riotously bursting free of movie-business formula

wilsyls

Member
Chinese(but I'm a Taiwanese)
I just came across a movie review. In it there was this description "a frothy fairy tale, both trivial and weighty at once, that simultaneously uses tried-and-true romantic comedy convention while riotously bursting free of movie-business formula".

After studying this description a bit I decided to come here and seek help because I just don't know what this part "riotously bursting free of movie-business formula" here means. I originally thought "bursting" here means "bursting into laughter", but still this part of the description leaves me scratching my head :confused:

I hope you guys can help me figure out what this part of the description means. Thank you guys :)
 
  • lingobingo

    Senior Member
    English - England
    It’s a rather florid way of making a comparison between two extremes, expressed two different ways — 1. trivial v. weighty (= frivolous v. serious), 2. standard romcom format v. something quite new, differing from the way things are normally done.
     

    bibliolept

    Senior Member
    AE, Español
    "Bursting" must be paired with "free" here, with the same meaning as "breaking free": The movie breaks away from the restraints or rules of traditional movies, described here as "movie-business formula." The writer likely wanted to be more original and emphatic in their use of "bursting" instead of the usual "breaking."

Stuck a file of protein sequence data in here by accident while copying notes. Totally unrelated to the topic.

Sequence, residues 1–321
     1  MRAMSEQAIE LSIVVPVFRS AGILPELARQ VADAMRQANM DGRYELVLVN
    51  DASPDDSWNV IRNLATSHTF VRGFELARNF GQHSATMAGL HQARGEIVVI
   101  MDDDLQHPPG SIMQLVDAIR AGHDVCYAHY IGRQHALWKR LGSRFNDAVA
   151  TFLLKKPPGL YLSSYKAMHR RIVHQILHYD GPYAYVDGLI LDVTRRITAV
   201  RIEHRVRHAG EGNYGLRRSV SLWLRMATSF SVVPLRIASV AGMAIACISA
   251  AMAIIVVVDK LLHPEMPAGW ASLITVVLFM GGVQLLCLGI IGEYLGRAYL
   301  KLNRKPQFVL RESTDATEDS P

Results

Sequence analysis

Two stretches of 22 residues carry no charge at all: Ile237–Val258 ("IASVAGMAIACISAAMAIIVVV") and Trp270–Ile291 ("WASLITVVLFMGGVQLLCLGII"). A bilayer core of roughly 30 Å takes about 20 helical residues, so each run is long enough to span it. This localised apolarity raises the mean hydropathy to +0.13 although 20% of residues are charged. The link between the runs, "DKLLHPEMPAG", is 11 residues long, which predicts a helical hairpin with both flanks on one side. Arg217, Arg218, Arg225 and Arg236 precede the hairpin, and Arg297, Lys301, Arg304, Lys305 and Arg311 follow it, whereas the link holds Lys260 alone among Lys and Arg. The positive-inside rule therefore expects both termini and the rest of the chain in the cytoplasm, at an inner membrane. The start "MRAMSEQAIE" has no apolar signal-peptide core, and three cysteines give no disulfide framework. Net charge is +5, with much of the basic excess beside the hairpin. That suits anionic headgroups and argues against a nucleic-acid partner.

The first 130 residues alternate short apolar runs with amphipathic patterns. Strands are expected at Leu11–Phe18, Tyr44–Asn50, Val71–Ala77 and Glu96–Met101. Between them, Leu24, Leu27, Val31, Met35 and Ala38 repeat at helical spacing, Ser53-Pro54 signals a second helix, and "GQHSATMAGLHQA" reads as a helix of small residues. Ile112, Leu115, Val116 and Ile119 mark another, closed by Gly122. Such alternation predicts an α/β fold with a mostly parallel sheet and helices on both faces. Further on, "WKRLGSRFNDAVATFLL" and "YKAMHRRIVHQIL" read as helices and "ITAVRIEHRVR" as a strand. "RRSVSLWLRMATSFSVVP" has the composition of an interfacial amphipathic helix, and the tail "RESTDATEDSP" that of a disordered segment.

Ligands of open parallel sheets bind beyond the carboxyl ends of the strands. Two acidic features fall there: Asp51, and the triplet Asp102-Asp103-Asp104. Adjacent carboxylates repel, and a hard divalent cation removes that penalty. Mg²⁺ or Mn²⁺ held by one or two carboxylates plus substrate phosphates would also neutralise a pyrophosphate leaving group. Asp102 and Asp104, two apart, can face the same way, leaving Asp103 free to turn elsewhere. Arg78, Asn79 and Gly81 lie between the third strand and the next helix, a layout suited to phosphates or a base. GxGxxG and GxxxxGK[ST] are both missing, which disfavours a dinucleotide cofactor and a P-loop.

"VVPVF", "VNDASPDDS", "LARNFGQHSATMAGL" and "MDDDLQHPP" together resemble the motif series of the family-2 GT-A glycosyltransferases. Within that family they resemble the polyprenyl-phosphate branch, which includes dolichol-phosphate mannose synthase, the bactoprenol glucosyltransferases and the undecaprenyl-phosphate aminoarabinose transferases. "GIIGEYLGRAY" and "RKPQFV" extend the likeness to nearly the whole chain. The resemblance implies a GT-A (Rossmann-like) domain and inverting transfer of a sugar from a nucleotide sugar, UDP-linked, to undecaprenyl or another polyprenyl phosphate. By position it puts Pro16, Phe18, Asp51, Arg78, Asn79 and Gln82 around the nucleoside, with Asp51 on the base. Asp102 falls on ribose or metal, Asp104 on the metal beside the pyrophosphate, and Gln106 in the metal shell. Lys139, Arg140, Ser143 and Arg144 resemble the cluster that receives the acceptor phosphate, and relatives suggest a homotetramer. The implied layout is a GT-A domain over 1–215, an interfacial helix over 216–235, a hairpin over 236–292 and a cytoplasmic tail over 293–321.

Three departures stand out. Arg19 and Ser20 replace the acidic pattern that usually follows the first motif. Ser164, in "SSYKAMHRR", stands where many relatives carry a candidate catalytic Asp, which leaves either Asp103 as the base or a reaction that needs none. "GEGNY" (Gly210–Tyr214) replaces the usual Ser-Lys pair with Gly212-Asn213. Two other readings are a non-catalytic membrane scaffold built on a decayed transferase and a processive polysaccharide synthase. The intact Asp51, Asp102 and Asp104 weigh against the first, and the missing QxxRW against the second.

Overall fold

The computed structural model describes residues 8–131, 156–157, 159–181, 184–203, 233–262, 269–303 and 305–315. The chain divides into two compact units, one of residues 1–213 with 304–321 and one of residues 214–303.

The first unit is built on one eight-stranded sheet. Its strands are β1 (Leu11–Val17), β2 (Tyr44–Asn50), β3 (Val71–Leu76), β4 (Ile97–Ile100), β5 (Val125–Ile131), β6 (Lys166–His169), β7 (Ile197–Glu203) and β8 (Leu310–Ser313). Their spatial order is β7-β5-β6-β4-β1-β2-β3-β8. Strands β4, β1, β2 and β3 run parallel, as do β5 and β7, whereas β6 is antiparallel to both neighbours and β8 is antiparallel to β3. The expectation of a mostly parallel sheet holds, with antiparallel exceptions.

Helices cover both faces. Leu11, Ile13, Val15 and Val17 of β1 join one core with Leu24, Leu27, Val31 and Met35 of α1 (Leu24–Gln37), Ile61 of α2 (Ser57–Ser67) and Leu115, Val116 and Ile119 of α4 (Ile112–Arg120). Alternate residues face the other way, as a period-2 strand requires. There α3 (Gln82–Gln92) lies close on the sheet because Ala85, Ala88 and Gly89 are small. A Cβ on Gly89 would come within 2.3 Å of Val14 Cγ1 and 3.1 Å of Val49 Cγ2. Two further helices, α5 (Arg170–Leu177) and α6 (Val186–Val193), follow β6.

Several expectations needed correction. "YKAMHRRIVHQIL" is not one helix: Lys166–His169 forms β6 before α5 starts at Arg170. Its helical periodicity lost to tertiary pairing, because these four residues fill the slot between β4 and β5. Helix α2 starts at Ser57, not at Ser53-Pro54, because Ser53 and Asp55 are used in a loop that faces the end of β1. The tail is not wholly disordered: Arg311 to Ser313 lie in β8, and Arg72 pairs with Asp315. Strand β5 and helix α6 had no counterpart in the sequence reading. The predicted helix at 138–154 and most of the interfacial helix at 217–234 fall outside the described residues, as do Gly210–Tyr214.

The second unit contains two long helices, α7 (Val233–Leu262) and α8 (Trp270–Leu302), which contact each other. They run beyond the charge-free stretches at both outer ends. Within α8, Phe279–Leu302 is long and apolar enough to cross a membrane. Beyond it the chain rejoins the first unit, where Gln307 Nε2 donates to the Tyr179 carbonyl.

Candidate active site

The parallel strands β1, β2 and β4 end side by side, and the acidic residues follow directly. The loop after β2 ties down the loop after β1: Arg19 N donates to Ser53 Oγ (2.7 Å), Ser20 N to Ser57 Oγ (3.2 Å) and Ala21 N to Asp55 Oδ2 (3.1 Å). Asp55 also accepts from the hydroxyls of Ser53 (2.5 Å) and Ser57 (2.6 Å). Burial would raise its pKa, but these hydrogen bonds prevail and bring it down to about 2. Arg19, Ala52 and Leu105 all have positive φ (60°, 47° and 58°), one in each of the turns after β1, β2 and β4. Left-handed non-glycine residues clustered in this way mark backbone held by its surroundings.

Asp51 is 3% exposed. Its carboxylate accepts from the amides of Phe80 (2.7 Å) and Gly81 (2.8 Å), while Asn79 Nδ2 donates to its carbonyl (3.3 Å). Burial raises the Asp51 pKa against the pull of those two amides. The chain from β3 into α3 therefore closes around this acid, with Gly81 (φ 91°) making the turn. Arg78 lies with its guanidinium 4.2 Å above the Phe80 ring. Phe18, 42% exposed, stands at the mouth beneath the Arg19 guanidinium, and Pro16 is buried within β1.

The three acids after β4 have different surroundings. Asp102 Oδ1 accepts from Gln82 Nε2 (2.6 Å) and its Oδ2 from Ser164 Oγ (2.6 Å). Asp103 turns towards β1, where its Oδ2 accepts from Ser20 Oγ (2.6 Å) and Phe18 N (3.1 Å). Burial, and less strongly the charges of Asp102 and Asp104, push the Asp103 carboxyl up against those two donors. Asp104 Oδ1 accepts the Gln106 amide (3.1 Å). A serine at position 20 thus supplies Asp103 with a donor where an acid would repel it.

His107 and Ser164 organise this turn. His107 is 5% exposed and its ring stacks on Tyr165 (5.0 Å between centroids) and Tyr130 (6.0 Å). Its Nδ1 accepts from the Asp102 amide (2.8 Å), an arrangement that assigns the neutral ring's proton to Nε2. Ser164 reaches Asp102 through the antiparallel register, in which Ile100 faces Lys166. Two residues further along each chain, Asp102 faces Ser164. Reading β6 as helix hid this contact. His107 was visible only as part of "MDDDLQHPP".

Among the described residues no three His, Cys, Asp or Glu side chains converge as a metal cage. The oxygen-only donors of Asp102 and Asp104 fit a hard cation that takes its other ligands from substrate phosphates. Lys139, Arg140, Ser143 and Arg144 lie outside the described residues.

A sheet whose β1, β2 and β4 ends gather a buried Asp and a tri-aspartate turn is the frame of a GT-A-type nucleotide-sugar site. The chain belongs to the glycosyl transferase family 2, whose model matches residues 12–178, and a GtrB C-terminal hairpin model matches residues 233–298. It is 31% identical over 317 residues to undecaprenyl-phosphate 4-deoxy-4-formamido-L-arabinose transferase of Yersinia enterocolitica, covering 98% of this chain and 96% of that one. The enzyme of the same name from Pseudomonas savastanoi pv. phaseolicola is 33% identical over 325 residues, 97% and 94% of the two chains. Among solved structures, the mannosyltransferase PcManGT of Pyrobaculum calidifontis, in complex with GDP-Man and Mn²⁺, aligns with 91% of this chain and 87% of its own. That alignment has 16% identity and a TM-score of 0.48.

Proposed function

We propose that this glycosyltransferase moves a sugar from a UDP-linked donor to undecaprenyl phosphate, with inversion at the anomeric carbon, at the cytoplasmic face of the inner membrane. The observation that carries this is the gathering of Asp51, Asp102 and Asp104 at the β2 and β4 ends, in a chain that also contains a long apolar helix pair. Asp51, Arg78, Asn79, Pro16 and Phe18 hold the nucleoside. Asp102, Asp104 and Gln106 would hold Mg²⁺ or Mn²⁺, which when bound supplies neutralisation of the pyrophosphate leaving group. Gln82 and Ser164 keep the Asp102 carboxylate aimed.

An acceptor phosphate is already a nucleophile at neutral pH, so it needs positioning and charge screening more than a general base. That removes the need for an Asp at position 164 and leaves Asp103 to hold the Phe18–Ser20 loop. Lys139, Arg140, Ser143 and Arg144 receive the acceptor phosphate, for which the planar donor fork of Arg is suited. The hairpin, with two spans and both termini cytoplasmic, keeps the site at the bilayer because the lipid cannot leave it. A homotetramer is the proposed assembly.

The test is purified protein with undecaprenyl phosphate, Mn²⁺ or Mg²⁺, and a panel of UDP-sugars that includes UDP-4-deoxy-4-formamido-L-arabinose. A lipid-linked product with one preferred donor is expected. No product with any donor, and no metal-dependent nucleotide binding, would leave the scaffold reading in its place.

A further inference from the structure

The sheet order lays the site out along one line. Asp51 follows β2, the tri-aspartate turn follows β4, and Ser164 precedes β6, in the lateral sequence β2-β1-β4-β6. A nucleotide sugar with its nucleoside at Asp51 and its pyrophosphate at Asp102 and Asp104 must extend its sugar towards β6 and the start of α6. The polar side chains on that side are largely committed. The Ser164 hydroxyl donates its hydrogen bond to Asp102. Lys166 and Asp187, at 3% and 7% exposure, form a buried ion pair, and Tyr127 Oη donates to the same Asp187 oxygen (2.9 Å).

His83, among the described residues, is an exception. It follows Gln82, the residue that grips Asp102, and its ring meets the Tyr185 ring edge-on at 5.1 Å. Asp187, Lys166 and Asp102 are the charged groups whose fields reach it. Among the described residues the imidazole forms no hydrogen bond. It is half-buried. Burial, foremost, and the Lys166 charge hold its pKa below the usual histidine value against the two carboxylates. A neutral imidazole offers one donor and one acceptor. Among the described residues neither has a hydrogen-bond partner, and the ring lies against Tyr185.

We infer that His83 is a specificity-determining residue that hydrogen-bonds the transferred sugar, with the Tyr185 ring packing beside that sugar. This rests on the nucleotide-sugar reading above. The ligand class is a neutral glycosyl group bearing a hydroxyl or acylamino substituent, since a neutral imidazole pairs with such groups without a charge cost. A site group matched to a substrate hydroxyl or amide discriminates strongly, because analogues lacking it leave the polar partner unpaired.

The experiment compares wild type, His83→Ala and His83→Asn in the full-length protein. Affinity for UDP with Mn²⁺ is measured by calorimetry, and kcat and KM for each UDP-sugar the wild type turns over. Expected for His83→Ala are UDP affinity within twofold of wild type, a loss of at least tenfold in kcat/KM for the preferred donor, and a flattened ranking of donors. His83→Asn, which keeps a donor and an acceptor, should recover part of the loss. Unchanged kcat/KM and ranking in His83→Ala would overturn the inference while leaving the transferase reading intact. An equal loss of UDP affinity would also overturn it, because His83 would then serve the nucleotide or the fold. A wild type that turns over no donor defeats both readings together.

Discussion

"Formula" describes the tropes and contrivances that are used by most movies, particularly those that are made to fit a mold or pattern that ensures sales—hence, the emphasis on "movie-business."
     

    wilsyls

    Member
    Chinese(but I'm a Taiwanese)
    Thank you lingobingo, Florentia52 and Florentia52 for replying, and yes Florentia52 that's the article that I came across. Thank you for providing the source on my behalf.

    I just can't find this usage "burst free" on the web by the way. But it seems "bursting free" here only makes sense when the term means "breaking free".
     

    lingobingo

    Senior Member
    English - England
    I just can't find this usage "burst free" on the web by the way. But it seems "bursting free" here only makes sense when the term means "breaking free".
    That is what it means. Burst free is just a stronger version of break free, and there are lots of examples of it on the Web.
     
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